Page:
Preconditioning, as applied in the manufacture of feed, involves adding moisture and heat to the feed formulation before extrusion (or pelletising). In the second part of this article, we explain the key parameters and the different types of preconditioners.
In Part 1, we explained what preconditioning is and what its benefits are. But what are the key preconditioner operating parameters? For the cooking reactions to occur within the formulation, two key parameters need to be controlled and optimised – these are providing a sufficient amount of water and an elevated temperature. Injection of live steam into the preconditioner provides both heat and moisture simultaneously. The effectiveness of the steam in achieving the objectives depends on 2 mechanisms. These are:
So for a chosen formulation, we should maximise the mass transfer (hydration) capability of the system. The following points should be considered:
While heating may be considered “easier” to achieve, it is nonetheless critical. To ensure heating is carried out effectively and efficiently:
Figure 1 shows the results of measurements of the degree of cooking for various residence times in a preconditioner (for the same discharge temperature and moisture content in each case). Note that, initially, increasing the residence time has a major effect on the cook, but then the curve flattens out. As a rule of thumb, a mean residence time of at least 60 seconds is recommended. Residence time of more than 90 seconds will deliver very little additional benefit.
Figure 1- The relationship between the degree of cook and the mean residence time.
We have previously illustrated the importance of sufficient Mean Residence Time. Mean residence time in a preconditioner can be determined quite simply:
Mean Res. Time = Volume of Product in Chamber/Volumetric Throughput Rate.
Figure 2- Residence time distribution curve.
That is, the mean residence time for a given preconditioner (and configuration of that preconditioner) is inversely proportional to the throughput rate. Thus, with other things unchanged, the cook achieved in the preconditioner will decrease as the rate increases – expect the product to change as production rate is increased. We will discuss later the type and configuration of the preconditioner and the impact they have on residence time. Up to this point, we have focused primarily on the mean residence time. In reality, the system behaviour cannot be described by a single value. The residence time distribution (or RTD) must also be considered. A distribution of times stems from the non-uniform flow of material through the system. This type of behaviour is typically represented graphically (Figure 2). The data is often also represented as an “F(t) Curve”, where the “Fraction of material that has exited the system at time t” (F(t) is plotted vs. “t” (see Figure 3). Obviously, a preconditioner with a poor RTD will cause non-uniformity in the output – material which exits the preconditioner too quickly will be poorly hydrated and undercooked. So the RTD should be as narrow and the mean residence time as long as practicable.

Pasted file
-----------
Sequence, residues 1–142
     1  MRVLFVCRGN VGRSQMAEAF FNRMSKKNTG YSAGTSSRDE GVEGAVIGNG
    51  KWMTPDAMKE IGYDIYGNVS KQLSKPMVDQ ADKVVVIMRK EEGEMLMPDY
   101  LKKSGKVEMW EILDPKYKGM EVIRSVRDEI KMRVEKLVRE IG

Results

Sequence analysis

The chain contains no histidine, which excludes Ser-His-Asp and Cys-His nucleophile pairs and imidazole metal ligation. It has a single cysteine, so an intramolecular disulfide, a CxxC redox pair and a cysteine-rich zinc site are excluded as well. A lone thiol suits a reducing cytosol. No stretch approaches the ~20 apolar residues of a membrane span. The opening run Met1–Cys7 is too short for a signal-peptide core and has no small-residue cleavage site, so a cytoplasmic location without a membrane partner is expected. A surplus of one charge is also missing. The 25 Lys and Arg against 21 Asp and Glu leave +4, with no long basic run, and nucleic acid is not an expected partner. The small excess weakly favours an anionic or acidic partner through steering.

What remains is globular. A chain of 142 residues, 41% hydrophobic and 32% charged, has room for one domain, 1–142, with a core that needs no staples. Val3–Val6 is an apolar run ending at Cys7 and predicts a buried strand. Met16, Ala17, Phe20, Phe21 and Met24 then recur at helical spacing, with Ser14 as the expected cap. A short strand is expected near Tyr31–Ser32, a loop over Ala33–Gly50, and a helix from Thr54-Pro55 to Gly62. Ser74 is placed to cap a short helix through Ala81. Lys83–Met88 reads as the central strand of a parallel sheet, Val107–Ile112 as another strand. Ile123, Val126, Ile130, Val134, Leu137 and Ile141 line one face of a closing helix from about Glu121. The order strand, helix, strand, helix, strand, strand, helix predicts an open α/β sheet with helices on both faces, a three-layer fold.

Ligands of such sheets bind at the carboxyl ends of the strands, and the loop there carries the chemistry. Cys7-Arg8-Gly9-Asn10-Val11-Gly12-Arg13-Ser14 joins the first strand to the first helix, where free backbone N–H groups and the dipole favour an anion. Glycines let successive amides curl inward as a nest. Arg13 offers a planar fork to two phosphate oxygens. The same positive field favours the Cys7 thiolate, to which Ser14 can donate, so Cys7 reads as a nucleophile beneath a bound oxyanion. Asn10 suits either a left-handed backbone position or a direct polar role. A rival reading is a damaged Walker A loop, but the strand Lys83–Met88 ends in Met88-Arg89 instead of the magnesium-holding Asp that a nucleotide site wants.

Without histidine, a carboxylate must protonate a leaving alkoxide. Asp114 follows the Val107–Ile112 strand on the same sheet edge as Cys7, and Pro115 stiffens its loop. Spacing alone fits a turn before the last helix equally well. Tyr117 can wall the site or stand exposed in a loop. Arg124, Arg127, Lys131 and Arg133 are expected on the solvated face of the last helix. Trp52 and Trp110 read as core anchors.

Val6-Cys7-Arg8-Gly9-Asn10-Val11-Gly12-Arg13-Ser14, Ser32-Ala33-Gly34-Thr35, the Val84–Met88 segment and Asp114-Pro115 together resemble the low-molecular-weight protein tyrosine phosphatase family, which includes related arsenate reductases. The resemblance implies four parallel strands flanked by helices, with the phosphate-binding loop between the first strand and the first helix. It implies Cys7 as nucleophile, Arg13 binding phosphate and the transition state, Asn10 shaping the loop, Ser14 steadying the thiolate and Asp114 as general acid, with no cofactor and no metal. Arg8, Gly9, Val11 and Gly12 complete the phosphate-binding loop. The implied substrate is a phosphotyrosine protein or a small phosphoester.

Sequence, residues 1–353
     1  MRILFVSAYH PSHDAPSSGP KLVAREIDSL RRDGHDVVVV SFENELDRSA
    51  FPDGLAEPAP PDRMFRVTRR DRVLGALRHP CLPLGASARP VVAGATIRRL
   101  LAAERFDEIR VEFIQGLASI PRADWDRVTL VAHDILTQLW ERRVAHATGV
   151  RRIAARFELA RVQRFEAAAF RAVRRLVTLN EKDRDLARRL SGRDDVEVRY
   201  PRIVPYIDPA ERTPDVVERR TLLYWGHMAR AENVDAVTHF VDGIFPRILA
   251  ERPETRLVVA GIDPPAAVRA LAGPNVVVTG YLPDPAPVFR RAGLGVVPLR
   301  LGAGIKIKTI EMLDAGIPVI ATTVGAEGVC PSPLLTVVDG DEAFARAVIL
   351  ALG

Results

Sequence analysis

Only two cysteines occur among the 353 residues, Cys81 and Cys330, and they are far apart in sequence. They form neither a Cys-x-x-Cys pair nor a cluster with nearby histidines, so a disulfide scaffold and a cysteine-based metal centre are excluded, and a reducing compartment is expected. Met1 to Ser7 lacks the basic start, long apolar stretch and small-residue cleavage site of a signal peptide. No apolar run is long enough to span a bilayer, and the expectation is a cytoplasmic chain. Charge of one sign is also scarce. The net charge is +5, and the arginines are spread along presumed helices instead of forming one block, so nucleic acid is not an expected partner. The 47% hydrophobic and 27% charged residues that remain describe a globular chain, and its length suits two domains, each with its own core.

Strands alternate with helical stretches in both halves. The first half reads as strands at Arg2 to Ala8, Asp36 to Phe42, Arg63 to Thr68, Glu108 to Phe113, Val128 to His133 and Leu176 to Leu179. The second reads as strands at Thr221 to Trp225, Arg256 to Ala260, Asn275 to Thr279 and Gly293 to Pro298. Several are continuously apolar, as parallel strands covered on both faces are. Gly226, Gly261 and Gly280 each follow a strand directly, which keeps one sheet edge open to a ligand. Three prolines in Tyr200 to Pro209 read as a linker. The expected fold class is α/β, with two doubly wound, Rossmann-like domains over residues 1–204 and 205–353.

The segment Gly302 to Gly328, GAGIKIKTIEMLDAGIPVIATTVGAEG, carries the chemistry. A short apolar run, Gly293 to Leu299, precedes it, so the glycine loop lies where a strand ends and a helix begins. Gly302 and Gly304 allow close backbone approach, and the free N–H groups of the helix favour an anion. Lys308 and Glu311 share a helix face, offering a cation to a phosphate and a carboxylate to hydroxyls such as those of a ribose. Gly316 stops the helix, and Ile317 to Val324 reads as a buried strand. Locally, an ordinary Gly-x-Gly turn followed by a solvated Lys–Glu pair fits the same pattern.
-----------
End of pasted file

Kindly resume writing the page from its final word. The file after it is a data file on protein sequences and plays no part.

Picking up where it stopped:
Figure 3- A typical F(t) curve for an open system.
A large number of different types of preconditioner are avail-able on the market. These can be classified in a number of
categories, as summarised in image below (click on icons). To briefly define and compare these designs:
Classification of preconditioners
Pressurised vs Atmospheric – as discussed, temperature is a key parameter in the cooking reaction. The use of a positive pressure in the preconditioner allows the use of an elevated temperature (as high as 115ºC) and thereby promotes an increased reaction rate, i.e. more “cook” for the same amount of time. The negative aspect of operation at an elevated pressure is the requirement of a far more complex sealing arrangement for the infeed and discharge. Pressure feeders or stuffers are also required to force the feed into the system. This higher degree of complexity has limited their use.
Weir-type preconditioners incorporate a weir just prior to the outlet to increase fill in the chamber. The residence time (for a particular throughput rate) is directly dependent on the weir height. It is important to have paddles positioned to effectively sweep just upstream of the weir to prevent “dead” zones.
In open-type preconditioners (no weir), the angle (pitch) of the paddles can be altered with the aim of holding product back to achieve a higher fill in the chamber. General recommendations are:
The paddle configuration has a minimal impact on the residence time for weir type systems. But mixing behaviour is strongly influenced by both the paddle configuration and the paddle speed. For open type systems, however, the residence time is strongly influenced by both these parameters – increasing agitator speed will tend to improve mixing, but it will also tend to decrease residence time. To avoid the compromise between mixing and holding time related to agitator speed, some manufacturers supply Multiple Stage Preconditioners.
Choose an appropriately sized preconditioner, configured to provide: 60 to 90 seconds of mean residence time, narrow residence time distribution and effective mixing. Don’t introduce steam too near the entry port, which can result in choking. Introduce water as early in the preconditioner as possible. Adding oil in the preconditioner is not ideal, but if done, add it as late as possible to avoid coating the particles before water has been absorbed. And last but not least, use good quality (dry) steam.
The authors are presenting short courses on “Aquafeed Extrusion Technology” and “Drying Technology” at the Centre for Feed Technology, FôrTek, Norway, in May 2016, plus an Extrusion Course in Thailand in July 2016 (www.fie.com.au/events)
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